The Maritime History of the Great Lakes
Northern Advance (Barrie, ON), September 12, 1860

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...I came to a steam saw mill, owned by Mr. Boys of Barrie and worked by Mr McDonald It is built close to the edge of the beautiful river, and close by there is the frame work of a good sized vessel on the stocks. I should suppose the length of the keel to be about 150 feet; the deck is planked; part of the outer planking is laid on the ribs, and timber is massive and well put together. The whole is composed of the very best white oak timber. With the exception of the deck which is pine. I was grieved to find such a structure at a dead stand-still for want of funds. It is to be hoped that the enterprising company will soon be enabled to bring it to completion .Surely there are parties in the shipping interests in Canada or the United States, if they only knew that could purchase, or build on a cheap scale, and especially where there are such excellent facilities for ship-building, would gladly avail themselves of such an Enterprize Would it not pay our ship-builders in Great Britain to come here and build for the English market? Surely it would. Here are all varieties of timber at hand, a splendid river, where a whole fleet may lay at anchor, or snubbed to a tree, calm and still as a babe in it's mother's lap, white old Huron may toss up its billows mast high. And what convinced me of this was on proceeding farther down the river I came to a small craft snubbed to a tree her name was the Emily of Collingwood in for repairs. The carpenter was caulking away , the captain and sailors splicing ropes and repairing rigging. The Nottawasaga Bay had a small breeze and shewed her white caps; but here lay the Emily, as quiet as a pussy at the fireside. The river is eleven feet in shallow water, some parts five fathoms; breadth about 150 feet.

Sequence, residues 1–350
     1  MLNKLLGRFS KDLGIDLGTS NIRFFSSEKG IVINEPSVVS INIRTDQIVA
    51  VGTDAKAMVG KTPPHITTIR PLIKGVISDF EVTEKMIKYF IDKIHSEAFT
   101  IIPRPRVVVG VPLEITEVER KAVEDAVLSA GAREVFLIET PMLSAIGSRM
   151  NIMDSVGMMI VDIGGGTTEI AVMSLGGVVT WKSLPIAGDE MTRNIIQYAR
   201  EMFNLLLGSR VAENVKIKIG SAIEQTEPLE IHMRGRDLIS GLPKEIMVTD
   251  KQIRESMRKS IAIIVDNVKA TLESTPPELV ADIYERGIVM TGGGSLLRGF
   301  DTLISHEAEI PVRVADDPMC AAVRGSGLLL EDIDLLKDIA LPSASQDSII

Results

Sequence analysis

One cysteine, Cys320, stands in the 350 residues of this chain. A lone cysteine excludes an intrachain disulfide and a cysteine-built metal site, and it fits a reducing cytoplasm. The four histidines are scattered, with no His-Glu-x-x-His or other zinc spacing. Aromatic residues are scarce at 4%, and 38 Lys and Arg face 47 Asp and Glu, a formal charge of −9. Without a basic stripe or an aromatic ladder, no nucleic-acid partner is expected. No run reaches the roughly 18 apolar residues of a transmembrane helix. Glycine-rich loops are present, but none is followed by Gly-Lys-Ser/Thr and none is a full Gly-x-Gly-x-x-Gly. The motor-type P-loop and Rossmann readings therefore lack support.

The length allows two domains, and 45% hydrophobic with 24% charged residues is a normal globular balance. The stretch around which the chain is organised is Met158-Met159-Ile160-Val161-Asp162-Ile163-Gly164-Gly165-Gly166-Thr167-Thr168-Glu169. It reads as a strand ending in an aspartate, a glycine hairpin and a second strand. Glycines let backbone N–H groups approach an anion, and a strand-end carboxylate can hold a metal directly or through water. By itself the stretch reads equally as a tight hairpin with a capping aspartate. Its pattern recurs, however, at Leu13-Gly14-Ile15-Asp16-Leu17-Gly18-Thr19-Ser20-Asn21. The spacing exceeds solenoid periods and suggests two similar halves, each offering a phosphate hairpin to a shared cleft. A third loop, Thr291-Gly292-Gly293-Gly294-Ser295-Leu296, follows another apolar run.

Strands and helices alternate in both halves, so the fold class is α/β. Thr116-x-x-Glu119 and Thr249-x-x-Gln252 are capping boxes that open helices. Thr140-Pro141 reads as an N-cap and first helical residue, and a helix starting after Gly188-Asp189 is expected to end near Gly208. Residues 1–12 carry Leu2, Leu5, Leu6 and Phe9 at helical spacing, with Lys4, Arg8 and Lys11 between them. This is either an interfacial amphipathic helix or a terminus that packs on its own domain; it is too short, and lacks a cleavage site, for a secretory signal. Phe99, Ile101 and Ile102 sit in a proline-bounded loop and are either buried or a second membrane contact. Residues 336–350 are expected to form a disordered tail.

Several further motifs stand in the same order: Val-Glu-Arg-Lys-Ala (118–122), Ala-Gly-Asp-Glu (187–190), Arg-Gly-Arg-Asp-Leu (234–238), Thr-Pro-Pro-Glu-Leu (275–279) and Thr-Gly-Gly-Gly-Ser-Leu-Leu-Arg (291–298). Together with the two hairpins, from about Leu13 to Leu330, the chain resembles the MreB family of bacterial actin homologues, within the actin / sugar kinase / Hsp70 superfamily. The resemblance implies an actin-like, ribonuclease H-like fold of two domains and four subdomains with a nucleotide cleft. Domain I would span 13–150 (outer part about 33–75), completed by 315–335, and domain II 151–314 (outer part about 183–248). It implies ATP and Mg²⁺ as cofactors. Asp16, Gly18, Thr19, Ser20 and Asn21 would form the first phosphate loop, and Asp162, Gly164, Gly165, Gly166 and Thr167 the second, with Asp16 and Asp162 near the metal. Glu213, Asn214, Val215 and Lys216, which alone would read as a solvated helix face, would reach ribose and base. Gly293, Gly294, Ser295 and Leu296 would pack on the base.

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September 12, 1860
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Bill Hester
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Public domain: Copyright has expired according to the applicable Canadian or American laws. No restrictions on use.
Maritime History of the Great Lakes
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Northern Advance (Barrie, ON), September 12, 1860